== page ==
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‘Rome’ a challenge for HBO empire
Question of the Day
Rome wasn’t built in a day, but HBO’s “Rome” looks like it took decades to create. The pay network reportedly poured $100 million into re-creating the Roman Empire in all its imperfect glory, and viewers can see where every nickel went this weekend.
The promising new drama debuts at 9 p.m. Sunday, with the hopes of the network riding on it. HBO sure could use a breakout hit to make up for such recent ratings disappointments as “K Street,” “Carnivale” and “The Comeback.”
Even if future episodes match the first installment’s sense of wonder and place, it could be a tough sell. Audiences may be burned out on toga epics, witness the less than blockbuster turnout for “Kingdom of Heaven,” “King Arthur” and ABC’s recent “Empire” miniseries.
“Rome’s” first installment does more than set the sumptuous stage. It plants the seeds of bloodshed between long-standing friends Caesar (Ciaran Hinds) and Pompey (Kenneth Cranham), a story arc said to dominate the first season.
“Rome” tells that compelling story alongside a fictional one, that of two soldiers coming home after years of battle.
It’s no small feat marrying history and fiction, but the show appears up to the challenge.
The saga opens with Caesar returning to Rome after spending eight years battling, and ultimately conquering, Gaul. His legend has only grown in his absence, but so, too, has the rancor of his foes. Cultural divisions between the poor and the wealthy have intensified in his absence, and many are starting to question the wisdom of Caesar’s military adventures.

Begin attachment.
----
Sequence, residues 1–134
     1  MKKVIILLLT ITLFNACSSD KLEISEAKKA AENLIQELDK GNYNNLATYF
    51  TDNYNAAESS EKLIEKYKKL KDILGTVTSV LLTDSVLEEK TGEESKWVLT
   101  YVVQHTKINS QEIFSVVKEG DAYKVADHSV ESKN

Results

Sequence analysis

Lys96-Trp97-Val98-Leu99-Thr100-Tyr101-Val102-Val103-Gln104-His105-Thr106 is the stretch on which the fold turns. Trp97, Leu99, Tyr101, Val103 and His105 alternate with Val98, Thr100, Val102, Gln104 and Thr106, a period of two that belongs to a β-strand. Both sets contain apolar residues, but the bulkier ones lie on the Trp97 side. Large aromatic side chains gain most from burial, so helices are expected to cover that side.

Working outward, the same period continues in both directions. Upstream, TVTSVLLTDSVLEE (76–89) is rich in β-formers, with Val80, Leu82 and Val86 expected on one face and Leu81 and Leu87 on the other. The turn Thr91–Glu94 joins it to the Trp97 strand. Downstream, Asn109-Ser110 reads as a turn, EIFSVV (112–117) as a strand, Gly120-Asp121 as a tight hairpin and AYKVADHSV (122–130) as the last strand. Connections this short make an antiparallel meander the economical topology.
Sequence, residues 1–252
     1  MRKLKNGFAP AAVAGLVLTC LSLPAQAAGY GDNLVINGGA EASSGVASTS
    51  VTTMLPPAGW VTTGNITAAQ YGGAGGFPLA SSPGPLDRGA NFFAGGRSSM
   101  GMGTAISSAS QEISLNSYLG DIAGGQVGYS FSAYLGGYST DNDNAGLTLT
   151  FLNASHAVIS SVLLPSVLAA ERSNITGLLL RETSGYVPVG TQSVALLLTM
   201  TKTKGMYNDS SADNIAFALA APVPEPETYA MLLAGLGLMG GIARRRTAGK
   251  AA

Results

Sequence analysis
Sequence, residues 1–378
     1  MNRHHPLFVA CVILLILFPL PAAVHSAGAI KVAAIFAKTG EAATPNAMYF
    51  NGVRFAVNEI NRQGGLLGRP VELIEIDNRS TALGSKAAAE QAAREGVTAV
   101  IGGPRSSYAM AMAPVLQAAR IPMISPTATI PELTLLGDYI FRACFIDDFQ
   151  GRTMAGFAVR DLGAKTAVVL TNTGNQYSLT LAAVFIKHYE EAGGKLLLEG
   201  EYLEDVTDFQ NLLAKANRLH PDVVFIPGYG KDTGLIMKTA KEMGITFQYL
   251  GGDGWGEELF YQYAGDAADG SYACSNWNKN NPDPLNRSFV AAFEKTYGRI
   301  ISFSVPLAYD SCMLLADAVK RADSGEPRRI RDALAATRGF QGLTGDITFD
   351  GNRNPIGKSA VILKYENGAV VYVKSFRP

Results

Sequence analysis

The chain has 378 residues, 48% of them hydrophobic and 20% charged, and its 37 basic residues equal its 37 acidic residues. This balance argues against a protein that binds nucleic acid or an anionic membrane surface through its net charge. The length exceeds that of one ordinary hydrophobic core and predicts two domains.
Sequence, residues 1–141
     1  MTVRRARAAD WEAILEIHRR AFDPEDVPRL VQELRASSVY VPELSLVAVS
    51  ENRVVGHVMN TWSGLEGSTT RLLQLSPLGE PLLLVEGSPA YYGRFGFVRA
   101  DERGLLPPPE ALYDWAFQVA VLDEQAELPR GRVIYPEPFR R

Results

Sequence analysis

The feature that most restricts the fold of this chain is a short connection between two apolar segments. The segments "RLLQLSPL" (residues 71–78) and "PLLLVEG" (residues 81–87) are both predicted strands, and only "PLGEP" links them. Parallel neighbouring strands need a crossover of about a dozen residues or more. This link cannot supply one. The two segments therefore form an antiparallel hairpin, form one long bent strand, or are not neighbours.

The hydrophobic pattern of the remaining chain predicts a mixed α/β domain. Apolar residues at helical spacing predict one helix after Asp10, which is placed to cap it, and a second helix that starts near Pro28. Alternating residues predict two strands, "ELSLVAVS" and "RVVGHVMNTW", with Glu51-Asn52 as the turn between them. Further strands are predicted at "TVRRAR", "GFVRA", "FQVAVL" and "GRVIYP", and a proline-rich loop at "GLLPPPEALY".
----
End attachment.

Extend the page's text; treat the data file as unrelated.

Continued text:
Meanwhile, the aforementioned soldiers (Kevin McKidd as Lucius Vorenus and Ray Stevenson as Titus Pullo) set off on what seems to be a fool’s errand to retrieve Caesar’s standard, a golden eagle representing his strength and power.
With “Rome,” we’re spared the foul language of HBO’s revisionist Western “Deadwood,” and the performances uniformly cast us into the far past. It helps immeasurably that there isn’t a household name in the lot to jolt us back to modernity. Polly Walker is the most beguiling cast member here, playing a keeper of Roman social conventions.
The story’s density demands attentive viewing, and while we’re always ready to applaud TV that doesn’t talk down to us, HBO is doing itself no favors with such a dry introduction. We do get a nude scene, by now obligatory for cable originals, and a few battle sequences that are both intense and realistic.
To read the HBO site dedicated to “Rome” would leave one thinking the series will be Hollywood’s umpteenth attempt to dethrone the current administration. Indeed, one scene in Sunday’s episode does more than hint at political allegories to come. A senator decries Caesar’s “illegal war” against Gaul, and his heated rhetoric could have come from the Huffington Post Web site.
“Rome,” a co-production of HBO and the BBC (who last teamed for the 2001 miniseries “Band of Brothers”), gives new dramatic life to the network’s original lineup by peering provocatively into the past.
By Donald Lambro
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